I am a fan of the Coen brothers’ films: Fargo, The Hudsucker Proxy, and perhaps most famous of the lot, The Big Lebowski. I love the Coen humor. It ranges from subtly dry to overtly hilarious. And hey, you can’t hate a duo that ended a movie with a Townes Van Zandt movie and a terrific monologue by Sam Elliott.
Some may be familiar with a graphic that has made its rounds on the Web over the years. It posits that every character has position in the movie: lawful evil, lawful good, neutral good, etc. While it is an interesting theory, I take serious issue with the idea of neutral good. This did not occur to me the first couple of times that I saw this chart. As I was writing one day, however, that chart popped into my mind, and a thought occurred to me, clear as day: There is no such thing as neutral good.
How can this be? Is there neutral bad, and if so, mustn’t there also be a neutral good? In a word, no, there is no duality with neutral because it is neutral. Neutral implies that there is no stand and no choice made. It is obvious to me that, in the absence of choice, there is no true good. There is only convenient good, and that is not true good, for true goodness requires action. Goodness, by its very nature, cannot be reactive.
To illustrate the point, imagine this little scenario, to start. Picture yourself in a room with G-d and Satan. Satan says his piece, but you know he’s Satan, and you’ve read enough of Faust or at least seen The Devil Wears Prada, and you know that the right thing to do would be to turn your back on him. So you turn to G-d, and G-d says his piece which, as pretty much everyone knows, involves rules that you maybe don’t like much and doing some things that seem stupid, and so you walk away from that as well. Problem is, you haven’t actually chosen anything but avoiding making a choice.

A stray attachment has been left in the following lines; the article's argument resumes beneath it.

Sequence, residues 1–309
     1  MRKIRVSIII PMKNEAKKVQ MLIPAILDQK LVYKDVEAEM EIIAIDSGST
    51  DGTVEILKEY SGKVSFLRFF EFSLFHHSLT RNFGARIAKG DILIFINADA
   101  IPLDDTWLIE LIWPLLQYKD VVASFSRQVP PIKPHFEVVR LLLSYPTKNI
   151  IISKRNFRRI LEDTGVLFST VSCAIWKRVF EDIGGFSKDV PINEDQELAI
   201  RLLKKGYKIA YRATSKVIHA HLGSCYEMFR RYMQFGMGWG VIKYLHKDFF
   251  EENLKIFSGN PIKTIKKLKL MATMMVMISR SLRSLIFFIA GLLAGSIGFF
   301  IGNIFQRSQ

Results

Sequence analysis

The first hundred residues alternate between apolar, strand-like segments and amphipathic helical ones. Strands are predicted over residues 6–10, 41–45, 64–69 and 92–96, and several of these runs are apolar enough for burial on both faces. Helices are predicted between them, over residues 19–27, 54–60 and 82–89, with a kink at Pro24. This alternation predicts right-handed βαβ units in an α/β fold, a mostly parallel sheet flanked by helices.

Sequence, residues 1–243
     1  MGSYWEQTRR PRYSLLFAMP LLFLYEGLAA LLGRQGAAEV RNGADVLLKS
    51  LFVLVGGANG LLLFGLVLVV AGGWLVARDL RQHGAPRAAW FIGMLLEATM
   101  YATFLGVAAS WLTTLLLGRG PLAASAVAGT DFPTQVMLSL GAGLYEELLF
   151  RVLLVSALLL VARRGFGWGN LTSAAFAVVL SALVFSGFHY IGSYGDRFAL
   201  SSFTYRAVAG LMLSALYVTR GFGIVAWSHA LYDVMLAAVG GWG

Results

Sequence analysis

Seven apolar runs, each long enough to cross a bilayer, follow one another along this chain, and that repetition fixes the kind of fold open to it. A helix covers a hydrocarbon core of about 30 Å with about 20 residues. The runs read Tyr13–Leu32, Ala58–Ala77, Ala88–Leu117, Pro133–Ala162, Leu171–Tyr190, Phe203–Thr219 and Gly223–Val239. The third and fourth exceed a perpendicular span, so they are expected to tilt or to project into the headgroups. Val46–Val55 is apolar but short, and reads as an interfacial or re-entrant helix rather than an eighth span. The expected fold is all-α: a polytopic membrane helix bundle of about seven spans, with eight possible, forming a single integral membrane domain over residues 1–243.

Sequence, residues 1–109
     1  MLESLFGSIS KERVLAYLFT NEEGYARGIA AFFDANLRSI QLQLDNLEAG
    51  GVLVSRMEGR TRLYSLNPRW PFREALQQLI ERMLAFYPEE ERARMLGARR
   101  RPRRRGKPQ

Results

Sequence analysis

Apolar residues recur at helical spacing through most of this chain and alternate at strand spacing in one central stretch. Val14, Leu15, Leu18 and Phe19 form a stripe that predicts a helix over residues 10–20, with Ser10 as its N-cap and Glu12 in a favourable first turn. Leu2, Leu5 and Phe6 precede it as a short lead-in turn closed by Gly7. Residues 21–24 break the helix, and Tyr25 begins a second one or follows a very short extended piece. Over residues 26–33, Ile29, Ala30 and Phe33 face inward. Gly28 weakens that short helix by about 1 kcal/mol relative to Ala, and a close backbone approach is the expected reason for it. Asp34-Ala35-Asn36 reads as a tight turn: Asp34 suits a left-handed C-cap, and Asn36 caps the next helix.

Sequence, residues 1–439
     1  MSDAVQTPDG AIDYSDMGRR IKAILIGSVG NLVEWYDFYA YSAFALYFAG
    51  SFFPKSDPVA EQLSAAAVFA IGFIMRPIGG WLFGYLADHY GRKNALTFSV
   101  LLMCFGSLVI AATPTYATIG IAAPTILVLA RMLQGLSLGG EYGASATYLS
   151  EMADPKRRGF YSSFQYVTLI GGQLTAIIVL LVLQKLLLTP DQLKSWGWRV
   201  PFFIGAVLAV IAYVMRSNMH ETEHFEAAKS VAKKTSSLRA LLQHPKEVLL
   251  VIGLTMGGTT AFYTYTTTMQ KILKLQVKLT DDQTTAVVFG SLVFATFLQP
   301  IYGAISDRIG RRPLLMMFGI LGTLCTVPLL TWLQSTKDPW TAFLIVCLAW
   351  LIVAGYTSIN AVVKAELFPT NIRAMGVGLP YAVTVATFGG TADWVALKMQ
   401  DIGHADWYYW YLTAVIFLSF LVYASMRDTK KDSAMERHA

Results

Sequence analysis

Some people will interject and say you can choose to make your own rules, but here’s the problem with that, as Jordan Peterson might point out: What the hell do you know? It’s plausible that G-d knows more than you do, and it’s pretty likely that Satan does, too. That’s sort of their stock-in-trade, right?
Now imagine your own life, or perhaps it might be easier to imagine the life of someone you know. Think of how most people live their lives. They go to school, they passively learn whatever the teacher teaches them and don’t ask too many questions, they go to school, they find a partner, and they go to work at a boring job. They aren’t satisfied with their life, but they are also afraid to shake things up too much, and so they continue on as they are. Every day they go through the motions, and that by itself is its own sort of choosing. They are passively passive. They will not resolve to better themselves or change anything, whether out of laziness or fear is often hard to discern, and it is probably both.
Think of the things that we all admire. What does bravery look like? Bravery looks like having the balls (or tits, I suppose) to do what the other person will not. This doesn’t have to look like jumping a car onto a moving train. It can be as simple as deciding to ask for a raise, deciding to up stakes and move to your dream locale, to get in shape, or to ask someone you like on a date. It could also look like climbing a mountain, defending your family from intruders, or going whitewater rafting. Bravery can be big or small, but we all admire it.
Bravery is a choice. Bravery is choosing to press on despite fear and doubt. Bravery is choosing risk, and it means sacrificing the present in the hope that the future will be better for the sacrifice. Even when something is brave in a terrible way, often we have, even secretly, a grudging admiration for it. Why is this? Choice and action.